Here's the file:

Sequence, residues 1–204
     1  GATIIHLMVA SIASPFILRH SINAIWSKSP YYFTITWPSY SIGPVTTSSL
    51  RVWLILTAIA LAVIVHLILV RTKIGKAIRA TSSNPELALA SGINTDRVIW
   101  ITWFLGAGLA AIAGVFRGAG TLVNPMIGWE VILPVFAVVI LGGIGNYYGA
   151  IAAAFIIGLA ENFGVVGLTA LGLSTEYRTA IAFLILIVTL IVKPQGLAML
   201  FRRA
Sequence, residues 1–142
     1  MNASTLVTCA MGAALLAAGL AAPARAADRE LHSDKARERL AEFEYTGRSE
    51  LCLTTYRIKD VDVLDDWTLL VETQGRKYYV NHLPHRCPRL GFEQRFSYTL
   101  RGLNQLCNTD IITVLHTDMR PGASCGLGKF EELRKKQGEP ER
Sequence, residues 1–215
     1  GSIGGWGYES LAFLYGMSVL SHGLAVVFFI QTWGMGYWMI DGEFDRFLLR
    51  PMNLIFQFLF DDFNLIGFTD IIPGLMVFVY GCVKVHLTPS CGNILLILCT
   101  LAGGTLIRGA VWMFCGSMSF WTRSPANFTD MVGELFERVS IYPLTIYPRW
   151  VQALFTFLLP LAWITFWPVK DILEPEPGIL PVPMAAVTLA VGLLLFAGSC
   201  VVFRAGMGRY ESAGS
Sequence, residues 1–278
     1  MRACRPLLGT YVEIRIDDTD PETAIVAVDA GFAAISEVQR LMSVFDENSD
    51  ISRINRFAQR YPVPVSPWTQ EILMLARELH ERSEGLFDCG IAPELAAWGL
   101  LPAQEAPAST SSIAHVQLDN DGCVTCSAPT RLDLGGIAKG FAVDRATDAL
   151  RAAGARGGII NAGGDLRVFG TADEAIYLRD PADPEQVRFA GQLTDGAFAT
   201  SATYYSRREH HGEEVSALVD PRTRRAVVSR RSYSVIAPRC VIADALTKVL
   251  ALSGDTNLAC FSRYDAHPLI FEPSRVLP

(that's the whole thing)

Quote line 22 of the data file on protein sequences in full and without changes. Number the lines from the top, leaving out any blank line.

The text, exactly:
   201  SATYYSRREH HGEEVSALVD PRTRRAVVSR RSYSVIAPRC VIADALTKVL